Impact of Postexercise Hyperemia on Glucose Regulation in Humans

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Title: Impact of Postexercise Hyperemia on Glucose Regulation in Humans
Author: Pellinger, Thomas Kent, 1970-
Abstract: An acute bout of moderate-intensity dynamic exercise results in a sustained rise in skeletal muscle blood flow from that of pre-exercise levels. This postexercise skeletal muscle hyperemia is mediated by two histamine receptors (subtypes, H 1 and H 2 ). Skeletal muscle glucose uptake is also enhanced, in an insulin-independent manner, following moderate-intensity dynamic exercise. The impact of skeletal muscle hyperemia on glucose regulation following exercise has yet to be examined. Therefore, the purpose of this dissertation was to determine if postexercise skeletal muscle hyperemia plays a substantial role in glucose regulation in humans. In Chapter III I tested my ability to block local H 1 - and H 2 -receptors located in the vastus lateralis muscle in humans. The results demonstrate that I was able to successfully block the increase in local blood flow evoked by compound 48-80 with the combination of the H 1 -receptor antagonist pyrilamine and the H 2 -receptor antagonist cimetidine, administered via skeletal muscle microdialysis. In Chapter IV I sought to determine the effect of local combined H 1 - and H 2 -receptor blockade, administered via skeletal muscle microdialysis, on postexercise interstitial glucose concentrations. My findings indicate postexercise delivery of glucose to the interstitial space of the previously active skeletal muscle is mediated, in part, by local H 1 - and H 2 -receptors. In Chapter V I examined the effect of oral administration of H 1 - and H 2 -receptor antagonists on glucose regulation following a postexercise oral glucose load. The results showed that the glycemic and insulin responses to postexercise oral glucose load were more sustained with H 1 - and H 2 -receptor blockade versus control, suggesting a histaminergic effect on postexercise glucose regulation.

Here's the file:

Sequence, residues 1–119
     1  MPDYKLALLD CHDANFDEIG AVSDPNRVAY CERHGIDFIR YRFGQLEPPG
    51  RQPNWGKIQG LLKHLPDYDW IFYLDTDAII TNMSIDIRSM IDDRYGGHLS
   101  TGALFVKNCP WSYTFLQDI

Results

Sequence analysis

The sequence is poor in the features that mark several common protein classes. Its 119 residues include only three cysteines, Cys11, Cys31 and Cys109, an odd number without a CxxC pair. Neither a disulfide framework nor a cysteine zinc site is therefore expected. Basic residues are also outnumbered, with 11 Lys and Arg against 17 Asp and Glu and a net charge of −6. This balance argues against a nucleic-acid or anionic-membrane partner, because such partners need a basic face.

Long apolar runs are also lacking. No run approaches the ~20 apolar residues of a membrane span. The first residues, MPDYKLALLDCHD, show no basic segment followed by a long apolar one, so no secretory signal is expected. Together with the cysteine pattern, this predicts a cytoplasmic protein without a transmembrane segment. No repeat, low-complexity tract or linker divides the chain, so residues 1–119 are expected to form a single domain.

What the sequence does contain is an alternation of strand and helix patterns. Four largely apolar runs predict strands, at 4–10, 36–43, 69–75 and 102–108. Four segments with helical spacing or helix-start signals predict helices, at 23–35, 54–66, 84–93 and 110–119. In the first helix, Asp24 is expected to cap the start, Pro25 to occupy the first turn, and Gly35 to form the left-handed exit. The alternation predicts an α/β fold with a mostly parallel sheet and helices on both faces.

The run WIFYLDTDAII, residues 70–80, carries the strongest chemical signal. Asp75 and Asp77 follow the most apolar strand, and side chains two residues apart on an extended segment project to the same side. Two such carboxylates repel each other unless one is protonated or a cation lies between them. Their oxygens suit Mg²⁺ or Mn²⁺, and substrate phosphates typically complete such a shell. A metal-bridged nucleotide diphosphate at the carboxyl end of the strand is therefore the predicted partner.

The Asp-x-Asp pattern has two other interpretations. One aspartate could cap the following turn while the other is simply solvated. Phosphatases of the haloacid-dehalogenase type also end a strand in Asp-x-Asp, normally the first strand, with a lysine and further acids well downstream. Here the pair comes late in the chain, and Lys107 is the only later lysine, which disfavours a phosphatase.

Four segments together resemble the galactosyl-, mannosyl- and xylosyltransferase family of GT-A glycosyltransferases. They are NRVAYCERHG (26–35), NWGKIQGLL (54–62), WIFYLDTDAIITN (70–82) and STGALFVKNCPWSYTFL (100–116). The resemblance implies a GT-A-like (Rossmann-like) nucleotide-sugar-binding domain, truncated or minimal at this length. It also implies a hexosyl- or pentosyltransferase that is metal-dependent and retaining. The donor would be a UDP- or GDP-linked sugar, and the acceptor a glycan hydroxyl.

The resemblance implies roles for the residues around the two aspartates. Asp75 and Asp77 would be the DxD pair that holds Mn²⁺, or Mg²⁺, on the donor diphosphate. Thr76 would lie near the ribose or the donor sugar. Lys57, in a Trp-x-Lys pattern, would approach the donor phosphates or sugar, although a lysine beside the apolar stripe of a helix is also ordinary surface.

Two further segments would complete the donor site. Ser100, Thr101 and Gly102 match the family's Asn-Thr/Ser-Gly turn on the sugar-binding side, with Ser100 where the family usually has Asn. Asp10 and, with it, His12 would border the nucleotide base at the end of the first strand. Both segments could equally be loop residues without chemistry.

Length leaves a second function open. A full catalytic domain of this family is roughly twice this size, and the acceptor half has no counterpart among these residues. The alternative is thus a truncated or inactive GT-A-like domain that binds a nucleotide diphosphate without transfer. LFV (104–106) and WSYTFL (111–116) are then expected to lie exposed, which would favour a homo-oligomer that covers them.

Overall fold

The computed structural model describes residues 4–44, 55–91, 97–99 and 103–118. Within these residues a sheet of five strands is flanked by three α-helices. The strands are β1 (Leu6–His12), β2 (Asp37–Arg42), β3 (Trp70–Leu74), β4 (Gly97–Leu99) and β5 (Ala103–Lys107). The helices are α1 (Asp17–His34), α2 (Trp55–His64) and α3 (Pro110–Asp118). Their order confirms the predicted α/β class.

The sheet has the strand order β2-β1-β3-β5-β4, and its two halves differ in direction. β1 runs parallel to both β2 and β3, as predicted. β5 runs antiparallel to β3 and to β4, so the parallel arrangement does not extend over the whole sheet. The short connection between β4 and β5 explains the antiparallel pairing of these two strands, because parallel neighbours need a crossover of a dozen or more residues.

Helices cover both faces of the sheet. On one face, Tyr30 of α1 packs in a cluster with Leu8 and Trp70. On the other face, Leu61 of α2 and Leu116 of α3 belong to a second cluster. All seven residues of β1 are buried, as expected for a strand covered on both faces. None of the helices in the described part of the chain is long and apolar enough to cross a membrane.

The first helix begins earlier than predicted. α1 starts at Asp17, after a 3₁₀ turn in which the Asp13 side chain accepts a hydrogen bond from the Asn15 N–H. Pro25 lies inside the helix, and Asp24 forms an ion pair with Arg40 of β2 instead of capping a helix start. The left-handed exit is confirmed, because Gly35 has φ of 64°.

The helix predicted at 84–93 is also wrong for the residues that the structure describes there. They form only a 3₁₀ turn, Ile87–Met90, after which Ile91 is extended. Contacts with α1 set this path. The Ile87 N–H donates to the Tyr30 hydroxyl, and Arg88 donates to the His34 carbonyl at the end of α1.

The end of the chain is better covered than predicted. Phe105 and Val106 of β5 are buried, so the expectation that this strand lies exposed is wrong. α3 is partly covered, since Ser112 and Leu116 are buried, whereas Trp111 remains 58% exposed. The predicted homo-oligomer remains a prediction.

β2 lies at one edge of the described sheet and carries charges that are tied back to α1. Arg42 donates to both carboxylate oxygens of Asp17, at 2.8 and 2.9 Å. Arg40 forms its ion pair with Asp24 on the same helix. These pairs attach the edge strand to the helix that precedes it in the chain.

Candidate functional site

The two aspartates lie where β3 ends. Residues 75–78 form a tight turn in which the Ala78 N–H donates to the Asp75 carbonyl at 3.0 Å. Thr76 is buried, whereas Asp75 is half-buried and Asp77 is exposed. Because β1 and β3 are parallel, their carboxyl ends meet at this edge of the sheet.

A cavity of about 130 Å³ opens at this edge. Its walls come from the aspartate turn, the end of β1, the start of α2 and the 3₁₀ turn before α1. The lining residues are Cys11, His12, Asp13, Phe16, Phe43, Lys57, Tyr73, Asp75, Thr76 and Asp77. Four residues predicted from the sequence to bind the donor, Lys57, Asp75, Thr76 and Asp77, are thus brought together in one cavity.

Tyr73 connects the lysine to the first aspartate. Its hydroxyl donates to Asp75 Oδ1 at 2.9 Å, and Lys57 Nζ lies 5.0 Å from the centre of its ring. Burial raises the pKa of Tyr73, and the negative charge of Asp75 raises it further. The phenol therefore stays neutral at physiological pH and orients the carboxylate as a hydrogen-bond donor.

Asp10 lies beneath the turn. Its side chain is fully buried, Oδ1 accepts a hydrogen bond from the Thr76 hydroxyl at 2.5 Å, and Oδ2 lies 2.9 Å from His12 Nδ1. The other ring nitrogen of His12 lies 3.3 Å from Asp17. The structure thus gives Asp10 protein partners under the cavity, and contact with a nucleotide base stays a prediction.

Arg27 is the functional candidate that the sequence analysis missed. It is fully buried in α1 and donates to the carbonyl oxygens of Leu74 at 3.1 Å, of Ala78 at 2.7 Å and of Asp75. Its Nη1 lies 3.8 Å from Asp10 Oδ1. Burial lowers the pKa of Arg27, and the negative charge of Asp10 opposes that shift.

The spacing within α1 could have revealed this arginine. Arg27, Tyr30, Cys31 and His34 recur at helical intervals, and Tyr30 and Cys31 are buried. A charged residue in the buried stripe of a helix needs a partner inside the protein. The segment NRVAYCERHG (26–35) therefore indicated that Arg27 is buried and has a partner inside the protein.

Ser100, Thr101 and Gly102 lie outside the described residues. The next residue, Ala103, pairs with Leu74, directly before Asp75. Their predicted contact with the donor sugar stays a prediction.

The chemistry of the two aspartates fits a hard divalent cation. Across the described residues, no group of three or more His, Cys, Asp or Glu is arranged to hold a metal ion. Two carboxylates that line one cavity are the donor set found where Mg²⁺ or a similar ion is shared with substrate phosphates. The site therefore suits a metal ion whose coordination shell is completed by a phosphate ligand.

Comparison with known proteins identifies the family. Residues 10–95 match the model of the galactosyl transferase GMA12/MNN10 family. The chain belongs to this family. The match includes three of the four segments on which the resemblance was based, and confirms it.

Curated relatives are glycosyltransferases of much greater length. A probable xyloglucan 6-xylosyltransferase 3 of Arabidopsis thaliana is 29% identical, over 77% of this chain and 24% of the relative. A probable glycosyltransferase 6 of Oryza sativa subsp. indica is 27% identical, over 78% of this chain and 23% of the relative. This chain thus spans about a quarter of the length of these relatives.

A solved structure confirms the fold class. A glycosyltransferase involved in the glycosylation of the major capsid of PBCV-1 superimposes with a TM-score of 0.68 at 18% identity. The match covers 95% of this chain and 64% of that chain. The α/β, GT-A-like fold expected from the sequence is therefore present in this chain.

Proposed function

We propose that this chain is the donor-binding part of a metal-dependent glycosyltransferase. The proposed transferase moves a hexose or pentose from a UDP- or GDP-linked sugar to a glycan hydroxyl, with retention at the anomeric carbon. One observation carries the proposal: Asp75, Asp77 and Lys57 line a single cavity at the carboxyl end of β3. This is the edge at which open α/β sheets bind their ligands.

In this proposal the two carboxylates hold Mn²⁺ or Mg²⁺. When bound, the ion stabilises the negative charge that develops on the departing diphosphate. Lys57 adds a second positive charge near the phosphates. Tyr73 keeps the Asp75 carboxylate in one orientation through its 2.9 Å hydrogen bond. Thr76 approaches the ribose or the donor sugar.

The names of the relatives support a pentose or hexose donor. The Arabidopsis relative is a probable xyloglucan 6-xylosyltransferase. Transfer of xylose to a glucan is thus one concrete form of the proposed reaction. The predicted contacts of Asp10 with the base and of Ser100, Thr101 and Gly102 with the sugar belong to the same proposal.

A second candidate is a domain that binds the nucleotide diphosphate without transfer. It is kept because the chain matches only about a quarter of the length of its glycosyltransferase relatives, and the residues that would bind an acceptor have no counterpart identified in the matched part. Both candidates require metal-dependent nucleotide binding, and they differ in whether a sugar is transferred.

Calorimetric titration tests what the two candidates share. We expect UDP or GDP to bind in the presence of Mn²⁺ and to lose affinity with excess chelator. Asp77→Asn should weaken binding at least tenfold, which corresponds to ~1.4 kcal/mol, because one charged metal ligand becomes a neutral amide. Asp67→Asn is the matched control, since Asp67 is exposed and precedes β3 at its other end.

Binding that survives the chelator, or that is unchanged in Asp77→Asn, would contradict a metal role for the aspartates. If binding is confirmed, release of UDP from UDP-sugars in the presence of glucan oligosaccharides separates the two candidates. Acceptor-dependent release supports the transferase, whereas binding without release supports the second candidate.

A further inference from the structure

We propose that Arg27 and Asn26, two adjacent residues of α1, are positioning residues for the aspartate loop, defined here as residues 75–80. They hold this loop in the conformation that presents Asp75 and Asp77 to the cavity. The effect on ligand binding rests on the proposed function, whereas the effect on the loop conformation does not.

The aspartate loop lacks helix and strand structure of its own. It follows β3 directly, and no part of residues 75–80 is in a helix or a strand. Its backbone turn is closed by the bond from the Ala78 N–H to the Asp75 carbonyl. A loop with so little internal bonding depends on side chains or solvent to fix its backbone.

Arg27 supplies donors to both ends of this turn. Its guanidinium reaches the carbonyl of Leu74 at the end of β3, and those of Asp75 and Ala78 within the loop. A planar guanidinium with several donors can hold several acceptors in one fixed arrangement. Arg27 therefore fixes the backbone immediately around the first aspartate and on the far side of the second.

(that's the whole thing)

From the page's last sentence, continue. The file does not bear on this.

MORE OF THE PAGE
Description: xvii, 168 p. : ill. A print copy of this thesis is available through the UO Libraries. Search the library catalog for the location and call number.
URI: http://hdl.handle.net/1794/9018
Date: 2008-09


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